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Madame Hyde

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Madame Hyde

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© Les Films Pelleas

Teaching is one of the most important professions there are; yet it suffers lingering prejudices. More often than not, schools are credited for the failures of students rather than their successes.

In stark contrast with this regrettable disregard, one man fully trusts the institution of Éducation nationale in Serge Bozon’s astonishing new film Madame Hyde. It is the colorful headmaster (Romain Duris) of a technical high school, who believes in his mission, unaffected by his establishment’s “problems.” The shy physics teacher, Mrs. Géquil (Isabelle Huppert), endures daily chaos consisting of teasing jibes, each one more inventive than the next. She seems too small and too weak to tackle the immense challenge of instilling a desire to learn in her charges. That is, until an after-hours research experiment provides the other kind of charge: a bolt of lightning through her frail body. Needless to say, a transformation ensues.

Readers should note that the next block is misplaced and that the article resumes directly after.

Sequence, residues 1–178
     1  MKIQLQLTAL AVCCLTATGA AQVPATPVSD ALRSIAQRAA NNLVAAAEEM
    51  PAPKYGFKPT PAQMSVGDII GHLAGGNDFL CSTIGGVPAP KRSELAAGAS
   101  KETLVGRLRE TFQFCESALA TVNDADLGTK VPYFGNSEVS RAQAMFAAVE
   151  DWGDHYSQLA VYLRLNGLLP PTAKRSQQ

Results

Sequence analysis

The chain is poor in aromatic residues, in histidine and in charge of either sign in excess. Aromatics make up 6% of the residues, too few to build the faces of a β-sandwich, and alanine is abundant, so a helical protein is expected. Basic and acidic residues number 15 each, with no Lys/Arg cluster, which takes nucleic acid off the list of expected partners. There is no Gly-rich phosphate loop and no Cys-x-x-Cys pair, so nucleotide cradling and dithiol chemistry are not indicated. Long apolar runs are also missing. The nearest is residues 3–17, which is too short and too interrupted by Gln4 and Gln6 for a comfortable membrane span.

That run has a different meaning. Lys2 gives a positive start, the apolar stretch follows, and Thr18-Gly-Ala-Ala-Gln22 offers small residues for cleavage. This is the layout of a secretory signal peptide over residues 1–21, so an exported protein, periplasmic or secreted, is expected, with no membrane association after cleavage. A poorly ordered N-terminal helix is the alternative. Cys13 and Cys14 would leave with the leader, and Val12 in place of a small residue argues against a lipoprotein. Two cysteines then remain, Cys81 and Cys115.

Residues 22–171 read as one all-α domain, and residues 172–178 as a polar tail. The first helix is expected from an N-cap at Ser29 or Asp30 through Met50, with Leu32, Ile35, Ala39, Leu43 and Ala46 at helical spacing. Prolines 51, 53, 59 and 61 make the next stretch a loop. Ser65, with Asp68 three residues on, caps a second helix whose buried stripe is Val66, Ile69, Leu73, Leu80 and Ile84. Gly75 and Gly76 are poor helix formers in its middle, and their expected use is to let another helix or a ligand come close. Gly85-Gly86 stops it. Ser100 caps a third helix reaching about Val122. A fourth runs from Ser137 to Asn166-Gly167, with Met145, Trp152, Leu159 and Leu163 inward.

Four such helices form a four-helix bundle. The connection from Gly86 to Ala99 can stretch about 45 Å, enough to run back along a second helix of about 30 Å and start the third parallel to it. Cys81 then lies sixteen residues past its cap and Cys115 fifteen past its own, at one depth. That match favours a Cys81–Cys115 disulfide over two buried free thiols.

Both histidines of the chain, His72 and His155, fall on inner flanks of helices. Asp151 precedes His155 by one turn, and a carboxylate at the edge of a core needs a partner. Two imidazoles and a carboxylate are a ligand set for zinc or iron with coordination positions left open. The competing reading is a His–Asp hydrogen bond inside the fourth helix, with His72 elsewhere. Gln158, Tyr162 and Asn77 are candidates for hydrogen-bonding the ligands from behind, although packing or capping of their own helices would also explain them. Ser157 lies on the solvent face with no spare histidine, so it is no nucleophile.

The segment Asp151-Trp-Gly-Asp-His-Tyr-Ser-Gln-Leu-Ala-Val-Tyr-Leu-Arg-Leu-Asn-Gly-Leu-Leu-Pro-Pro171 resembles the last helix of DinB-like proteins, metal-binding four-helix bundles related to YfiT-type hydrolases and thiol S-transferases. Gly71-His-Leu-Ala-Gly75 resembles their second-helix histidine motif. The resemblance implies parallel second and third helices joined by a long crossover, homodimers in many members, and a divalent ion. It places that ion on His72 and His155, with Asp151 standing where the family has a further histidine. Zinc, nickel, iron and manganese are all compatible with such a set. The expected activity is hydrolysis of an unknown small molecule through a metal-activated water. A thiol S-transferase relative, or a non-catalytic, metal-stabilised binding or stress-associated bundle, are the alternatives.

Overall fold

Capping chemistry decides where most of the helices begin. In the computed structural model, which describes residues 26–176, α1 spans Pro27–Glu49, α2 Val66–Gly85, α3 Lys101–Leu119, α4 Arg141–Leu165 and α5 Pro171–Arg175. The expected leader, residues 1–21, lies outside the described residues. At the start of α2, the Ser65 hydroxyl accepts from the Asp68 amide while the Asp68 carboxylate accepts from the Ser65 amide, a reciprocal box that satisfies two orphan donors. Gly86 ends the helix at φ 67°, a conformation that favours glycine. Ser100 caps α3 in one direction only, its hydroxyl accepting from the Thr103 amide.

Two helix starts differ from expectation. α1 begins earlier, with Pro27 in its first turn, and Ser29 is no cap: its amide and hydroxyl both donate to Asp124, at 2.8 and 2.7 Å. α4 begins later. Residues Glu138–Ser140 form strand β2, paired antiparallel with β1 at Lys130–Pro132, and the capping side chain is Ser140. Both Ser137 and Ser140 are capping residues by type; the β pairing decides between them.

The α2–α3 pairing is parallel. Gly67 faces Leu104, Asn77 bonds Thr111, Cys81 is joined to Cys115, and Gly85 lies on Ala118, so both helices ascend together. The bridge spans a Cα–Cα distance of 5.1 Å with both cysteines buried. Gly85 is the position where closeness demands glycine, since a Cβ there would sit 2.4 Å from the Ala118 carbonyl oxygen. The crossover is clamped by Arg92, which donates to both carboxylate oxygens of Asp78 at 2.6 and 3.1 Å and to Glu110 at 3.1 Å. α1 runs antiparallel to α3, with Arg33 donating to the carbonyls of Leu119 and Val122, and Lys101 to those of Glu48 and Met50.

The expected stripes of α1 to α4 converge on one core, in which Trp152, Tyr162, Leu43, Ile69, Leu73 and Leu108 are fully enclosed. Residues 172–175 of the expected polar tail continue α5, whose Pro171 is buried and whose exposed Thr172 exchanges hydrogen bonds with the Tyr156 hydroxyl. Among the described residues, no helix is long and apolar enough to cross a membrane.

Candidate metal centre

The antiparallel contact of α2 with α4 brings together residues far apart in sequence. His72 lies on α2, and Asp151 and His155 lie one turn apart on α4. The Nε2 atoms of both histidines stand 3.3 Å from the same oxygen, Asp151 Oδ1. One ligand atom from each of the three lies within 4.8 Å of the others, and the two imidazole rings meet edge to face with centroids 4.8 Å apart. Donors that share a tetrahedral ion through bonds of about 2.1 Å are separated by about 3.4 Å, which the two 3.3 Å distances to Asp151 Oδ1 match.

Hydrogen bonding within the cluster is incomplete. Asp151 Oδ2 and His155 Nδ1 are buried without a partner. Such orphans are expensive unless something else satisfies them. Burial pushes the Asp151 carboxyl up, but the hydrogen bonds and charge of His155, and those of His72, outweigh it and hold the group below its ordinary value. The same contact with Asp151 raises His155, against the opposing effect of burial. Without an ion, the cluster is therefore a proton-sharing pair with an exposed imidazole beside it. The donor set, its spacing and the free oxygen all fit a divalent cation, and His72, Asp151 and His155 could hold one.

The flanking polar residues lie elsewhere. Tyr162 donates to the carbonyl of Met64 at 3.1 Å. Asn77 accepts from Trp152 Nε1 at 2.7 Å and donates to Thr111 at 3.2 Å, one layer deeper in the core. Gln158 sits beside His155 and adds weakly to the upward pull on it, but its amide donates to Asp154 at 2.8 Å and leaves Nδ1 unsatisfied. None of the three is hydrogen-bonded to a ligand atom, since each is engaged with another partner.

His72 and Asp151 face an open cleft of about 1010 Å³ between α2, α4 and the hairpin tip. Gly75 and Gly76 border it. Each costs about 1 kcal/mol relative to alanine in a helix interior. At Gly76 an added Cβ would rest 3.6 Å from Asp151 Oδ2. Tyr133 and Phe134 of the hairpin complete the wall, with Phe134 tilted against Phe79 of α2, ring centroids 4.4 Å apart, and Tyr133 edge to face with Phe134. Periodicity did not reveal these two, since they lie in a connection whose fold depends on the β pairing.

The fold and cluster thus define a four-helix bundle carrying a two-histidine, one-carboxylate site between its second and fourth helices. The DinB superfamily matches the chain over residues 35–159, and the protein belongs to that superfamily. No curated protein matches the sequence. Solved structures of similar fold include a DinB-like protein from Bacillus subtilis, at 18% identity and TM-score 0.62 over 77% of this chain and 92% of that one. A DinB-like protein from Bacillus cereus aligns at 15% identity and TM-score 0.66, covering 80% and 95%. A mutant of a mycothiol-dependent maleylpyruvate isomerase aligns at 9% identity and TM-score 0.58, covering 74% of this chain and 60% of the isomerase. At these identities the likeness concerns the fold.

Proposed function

The film resists, with the same insolence as an impatient pupil, any attempt to trap it with categorization. A miracle of subtlety (no need for heavy make-up in Huppert’s metamorphosis), the film guides us, like the best of teachers, through insightful considerations and intriguing excursions. Regularly, it shocks us with glorious bursts of zany humor.

One of the shrewdest films ever made about education, Madame Hyde is dead serious about its subject, yet never takes itself too seriously. A pupil gives the ultimate demonstration of how to speak for long enough without knowing your subject. But another one’s face is illuminated with joy as he cries “I got it!” He can’t hyde that fire within.

Aurélie Godet
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